As reported in the New Yorker, Fabrizio is also a “senior counselor at Mercury Public Affairs, which Mueller referred to federal prosecutors in the Southern District of New York, for failing to register as a foreign agent for its lobbying work on behalf of Ukraine.”

In 2016, Guccifer 2.0 leaked hacked documents regarding a potential DeSantis political opponent, as reported by the Empty Wheel blog.

As a member of Congress, DeSantis was one of Trump’s closest allies. In 2017, he proposed an amendment that would have halted funding for Mueller’s investigation into Russian election interference six months after the amendment’s passage.

DeSantis won Florida’s Repubican gubernatorial primary in 2018. The next day, he admonished Florida voters to not “monkey this up” by voting for his Democratic opponent, Andrew Gillum, who is black, in the general election.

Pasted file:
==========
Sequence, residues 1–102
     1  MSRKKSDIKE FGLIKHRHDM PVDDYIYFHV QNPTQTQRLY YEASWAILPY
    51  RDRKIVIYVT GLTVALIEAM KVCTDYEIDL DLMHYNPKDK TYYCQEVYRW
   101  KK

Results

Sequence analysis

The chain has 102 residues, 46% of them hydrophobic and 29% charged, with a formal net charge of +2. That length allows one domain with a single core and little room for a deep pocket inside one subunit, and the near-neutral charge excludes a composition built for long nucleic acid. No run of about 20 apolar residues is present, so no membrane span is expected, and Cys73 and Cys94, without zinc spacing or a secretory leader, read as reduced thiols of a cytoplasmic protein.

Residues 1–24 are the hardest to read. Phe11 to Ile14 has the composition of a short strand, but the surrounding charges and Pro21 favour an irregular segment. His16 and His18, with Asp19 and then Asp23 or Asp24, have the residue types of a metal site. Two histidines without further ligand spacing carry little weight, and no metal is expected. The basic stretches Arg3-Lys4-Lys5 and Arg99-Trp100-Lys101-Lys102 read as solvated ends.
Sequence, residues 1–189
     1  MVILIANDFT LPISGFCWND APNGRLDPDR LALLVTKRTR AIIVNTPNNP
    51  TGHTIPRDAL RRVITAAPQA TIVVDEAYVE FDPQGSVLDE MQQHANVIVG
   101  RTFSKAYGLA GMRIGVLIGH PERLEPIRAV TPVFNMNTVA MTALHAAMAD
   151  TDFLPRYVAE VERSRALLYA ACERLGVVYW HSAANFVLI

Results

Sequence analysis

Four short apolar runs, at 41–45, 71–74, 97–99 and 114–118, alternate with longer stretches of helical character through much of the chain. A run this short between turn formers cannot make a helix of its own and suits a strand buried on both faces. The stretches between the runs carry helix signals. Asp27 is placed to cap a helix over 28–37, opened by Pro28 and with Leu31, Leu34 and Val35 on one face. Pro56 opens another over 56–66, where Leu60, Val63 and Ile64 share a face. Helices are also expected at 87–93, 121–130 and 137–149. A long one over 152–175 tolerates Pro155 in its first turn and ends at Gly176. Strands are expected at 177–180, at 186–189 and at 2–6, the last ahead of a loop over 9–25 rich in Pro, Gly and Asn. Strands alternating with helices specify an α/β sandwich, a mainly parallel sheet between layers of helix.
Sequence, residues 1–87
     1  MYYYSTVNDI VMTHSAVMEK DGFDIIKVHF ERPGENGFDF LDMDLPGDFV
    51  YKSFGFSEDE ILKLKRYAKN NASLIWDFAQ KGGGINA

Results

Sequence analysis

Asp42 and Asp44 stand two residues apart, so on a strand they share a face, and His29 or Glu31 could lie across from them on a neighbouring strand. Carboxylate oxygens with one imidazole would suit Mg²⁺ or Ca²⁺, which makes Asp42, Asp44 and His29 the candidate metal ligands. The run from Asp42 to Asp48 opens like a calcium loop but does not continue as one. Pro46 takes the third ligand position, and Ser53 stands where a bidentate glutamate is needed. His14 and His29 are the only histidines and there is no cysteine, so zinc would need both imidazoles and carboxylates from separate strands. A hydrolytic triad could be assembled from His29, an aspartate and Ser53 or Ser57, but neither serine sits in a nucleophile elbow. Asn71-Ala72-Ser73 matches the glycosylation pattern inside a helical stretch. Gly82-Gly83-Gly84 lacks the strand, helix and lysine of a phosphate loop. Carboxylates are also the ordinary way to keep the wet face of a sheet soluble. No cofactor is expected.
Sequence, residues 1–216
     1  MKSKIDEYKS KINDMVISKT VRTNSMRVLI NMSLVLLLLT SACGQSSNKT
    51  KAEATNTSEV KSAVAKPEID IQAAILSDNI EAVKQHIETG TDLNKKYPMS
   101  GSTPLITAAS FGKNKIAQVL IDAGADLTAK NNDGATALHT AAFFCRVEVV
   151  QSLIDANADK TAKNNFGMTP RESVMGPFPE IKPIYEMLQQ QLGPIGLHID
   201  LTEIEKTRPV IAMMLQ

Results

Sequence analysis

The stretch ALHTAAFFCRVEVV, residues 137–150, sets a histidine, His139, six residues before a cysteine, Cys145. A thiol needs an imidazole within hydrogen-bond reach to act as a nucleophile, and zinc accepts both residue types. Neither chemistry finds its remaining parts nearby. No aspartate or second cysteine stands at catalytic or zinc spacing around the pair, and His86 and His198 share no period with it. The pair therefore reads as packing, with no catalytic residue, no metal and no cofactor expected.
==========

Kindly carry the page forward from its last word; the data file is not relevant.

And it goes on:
DeSantis also courted Trump shamelessly during his campaign for governor, airing an ad in 2018 where he taught one of his kids to spell “Trump” and helped another “Build the Wall” with cardboard blocks.

DeSantis’s senate campaign received a $50,000 donation from Lev Parnas and Igor Fruman, the Ukrainian-born associates of Trump attorney Rudy Giuliani, who were later indicted on charges of illegally funneling foreign money into U.S. campaigns.

“According to the Daily Beast, the items Parnas had on him when he was arrested included five cell phones, eight credit and debit cards and $5,000 in $100 bills.”